Working with the breeze to battle noise

One of my favourite signs that spring is on its way is the sound of bird song. After months of listening to the crunch of ice under tires and the crack of branches breaking under the weight of snow, that exuberant trill from a goldfinch or the unique melody of a sparrow is a genuine joy and relief. Well, for a little while at least.


An American goldfinch, in early spring of last year, just outside our cottage in Ontario.

I’ve heard even the luckiest of gardeners, blessed with a garden surrounded by countryside, complain about rising noise levels. Hands up all those with a country garden who are convinced every summer brings an increase in annoying noises from neighbours’ souped up lawn mowers and leaf blowers as well as crazy traffic, not just from cars but SUVs, ATVs, dirt bikes, and motorcycles. And how is it that these sounds can be heard even when your garden may be a long way from any major thoroughfare? The noise gets carried on the wind.

Birds are just as pissed off

Even the song birds are starting to react to this cacophony. Research has proven that birds are adjusting their calls to combat low frequency road noise, including passing cars. They’re actually doing the tiny songbird equivalent of belting out a Broadway tune. Louder may not be better but it’ll very definitely get your audience’s attention.

SIDENOTE: If you want to totally geek-out on the science of wildlife noises and actually see how a song or a ribbit works within nature’s soundscape, check out The Washington Post’s excellent article “What Does A Hoot Look Like? What About A Croak? Or A Howl?” It’s a report on the findings from a group of scientists recording the sounds of the natural landscape and how the resulting spectograms can be fine-tuned to visually represent animal sounds. Why would they want to do this (besides making super cool graphics)? These soundscape researchers can monitor biodiversity and species’ behaviours and help target areas under pressure that might need protection.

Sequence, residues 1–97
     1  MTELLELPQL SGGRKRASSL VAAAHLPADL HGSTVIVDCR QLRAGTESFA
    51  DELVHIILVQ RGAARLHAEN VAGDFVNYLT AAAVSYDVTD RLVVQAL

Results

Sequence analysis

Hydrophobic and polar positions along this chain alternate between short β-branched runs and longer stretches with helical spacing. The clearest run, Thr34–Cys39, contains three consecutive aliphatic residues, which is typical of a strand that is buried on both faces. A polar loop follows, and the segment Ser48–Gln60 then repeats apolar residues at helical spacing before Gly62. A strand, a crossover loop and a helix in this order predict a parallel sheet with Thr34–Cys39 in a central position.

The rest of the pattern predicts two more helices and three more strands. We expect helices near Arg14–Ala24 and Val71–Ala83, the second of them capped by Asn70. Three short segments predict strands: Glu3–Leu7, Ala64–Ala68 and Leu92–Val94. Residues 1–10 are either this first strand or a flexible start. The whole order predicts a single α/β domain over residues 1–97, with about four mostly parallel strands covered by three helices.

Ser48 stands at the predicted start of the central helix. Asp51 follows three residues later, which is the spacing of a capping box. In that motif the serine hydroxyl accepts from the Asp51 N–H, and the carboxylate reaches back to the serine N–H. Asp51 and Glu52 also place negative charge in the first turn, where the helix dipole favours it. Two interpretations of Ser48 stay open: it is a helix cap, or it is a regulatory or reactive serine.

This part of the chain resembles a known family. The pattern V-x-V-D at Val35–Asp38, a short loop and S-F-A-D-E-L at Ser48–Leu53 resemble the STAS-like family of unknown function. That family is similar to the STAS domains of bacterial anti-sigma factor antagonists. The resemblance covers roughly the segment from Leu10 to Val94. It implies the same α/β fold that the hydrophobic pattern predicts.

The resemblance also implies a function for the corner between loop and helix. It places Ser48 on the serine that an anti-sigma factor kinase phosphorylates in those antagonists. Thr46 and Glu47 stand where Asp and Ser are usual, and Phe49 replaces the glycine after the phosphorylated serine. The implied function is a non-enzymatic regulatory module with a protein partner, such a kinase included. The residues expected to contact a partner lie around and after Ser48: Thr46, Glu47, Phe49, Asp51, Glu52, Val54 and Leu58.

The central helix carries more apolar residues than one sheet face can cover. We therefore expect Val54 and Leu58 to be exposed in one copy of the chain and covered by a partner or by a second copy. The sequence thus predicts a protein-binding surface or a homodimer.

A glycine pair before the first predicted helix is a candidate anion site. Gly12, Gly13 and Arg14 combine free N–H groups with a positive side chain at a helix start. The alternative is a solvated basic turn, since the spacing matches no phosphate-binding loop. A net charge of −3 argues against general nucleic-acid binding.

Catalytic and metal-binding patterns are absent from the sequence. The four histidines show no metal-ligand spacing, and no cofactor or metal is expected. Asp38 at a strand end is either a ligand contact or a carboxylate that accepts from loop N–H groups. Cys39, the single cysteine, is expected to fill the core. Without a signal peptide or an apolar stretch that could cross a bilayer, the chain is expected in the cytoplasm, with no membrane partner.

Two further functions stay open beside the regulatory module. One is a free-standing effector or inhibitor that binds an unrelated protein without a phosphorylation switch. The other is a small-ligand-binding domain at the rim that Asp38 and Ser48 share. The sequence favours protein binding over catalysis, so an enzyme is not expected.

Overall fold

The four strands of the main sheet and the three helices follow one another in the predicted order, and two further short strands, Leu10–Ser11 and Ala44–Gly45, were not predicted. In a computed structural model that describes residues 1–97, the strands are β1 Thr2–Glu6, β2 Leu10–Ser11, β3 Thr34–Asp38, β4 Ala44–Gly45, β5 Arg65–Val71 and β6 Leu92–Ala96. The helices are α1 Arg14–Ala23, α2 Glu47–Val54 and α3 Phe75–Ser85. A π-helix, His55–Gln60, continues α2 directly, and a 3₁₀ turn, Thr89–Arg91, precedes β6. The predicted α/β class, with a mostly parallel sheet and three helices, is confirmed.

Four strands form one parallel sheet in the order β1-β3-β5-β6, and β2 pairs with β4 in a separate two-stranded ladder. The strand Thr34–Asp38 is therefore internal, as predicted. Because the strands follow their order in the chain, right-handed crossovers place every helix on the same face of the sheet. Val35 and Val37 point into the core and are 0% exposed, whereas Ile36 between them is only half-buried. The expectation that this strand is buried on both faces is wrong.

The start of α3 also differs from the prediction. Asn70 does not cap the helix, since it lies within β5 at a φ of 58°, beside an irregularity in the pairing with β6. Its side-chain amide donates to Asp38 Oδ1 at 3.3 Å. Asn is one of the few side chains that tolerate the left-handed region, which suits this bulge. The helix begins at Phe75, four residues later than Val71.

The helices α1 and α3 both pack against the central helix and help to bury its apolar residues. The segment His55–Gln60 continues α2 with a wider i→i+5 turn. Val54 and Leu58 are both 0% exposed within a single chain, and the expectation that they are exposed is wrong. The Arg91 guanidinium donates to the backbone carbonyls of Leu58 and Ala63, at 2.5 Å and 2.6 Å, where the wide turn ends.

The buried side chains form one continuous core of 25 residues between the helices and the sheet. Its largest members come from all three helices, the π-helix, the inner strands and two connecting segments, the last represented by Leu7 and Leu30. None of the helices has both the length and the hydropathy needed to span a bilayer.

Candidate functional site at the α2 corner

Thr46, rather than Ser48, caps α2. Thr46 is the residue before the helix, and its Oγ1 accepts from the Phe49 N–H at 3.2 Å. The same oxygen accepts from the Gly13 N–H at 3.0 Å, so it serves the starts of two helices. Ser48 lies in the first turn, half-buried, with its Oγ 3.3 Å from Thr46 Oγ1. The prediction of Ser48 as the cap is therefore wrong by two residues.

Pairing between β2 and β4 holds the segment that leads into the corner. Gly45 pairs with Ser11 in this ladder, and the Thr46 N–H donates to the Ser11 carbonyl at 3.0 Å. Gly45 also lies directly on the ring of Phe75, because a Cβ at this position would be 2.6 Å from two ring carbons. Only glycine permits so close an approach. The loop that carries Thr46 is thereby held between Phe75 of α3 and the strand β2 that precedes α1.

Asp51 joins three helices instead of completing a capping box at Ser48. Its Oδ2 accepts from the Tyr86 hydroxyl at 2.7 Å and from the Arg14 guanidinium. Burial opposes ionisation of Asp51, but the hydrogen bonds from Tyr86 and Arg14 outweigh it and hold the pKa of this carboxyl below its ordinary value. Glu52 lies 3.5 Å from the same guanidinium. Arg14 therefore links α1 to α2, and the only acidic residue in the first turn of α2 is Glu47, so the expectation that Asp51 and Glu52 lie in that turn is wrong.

Walls of silence

Of course, there are ways to fight back against noise pollution. One of the newest newfangled ways involves acoustic fencing. I didn’t realize that fences could make that much of a difference in lessening street noise but evidently they can at least reduce the noise. Unfortunately, effective sound reduction only works when you have a pretty big lot. There are a lot of particulars to consider, including:

  1. the thickness of the fencing
  2. the height of the fencing
  3. how close you can get your fence to the offending noisemaker (such as a road)
  4. what the fence is made out of (evidently masonry walls are more effective that wooden fences)

But another important factor to consider is the direction the wind normally comes from in your area. Sounds carry on the wind. In our previous home in a bustling suburb, we were a couple of kilometres from the nearest highway but, if the wind shifted a certain way, it sounded almost like that highway was next door.

Hushing the garden

So if you’ve done everything you can to dampen noise like:

• building a huge fence

• planting a good, thick, tall hedge

• installing a burbling fountain for a DIY white-noise effect…

…is there anything else you can do?

I think so. And you don’t have to have a really big garden, either. It involves harnessing that wind.

Shaded garden with grasses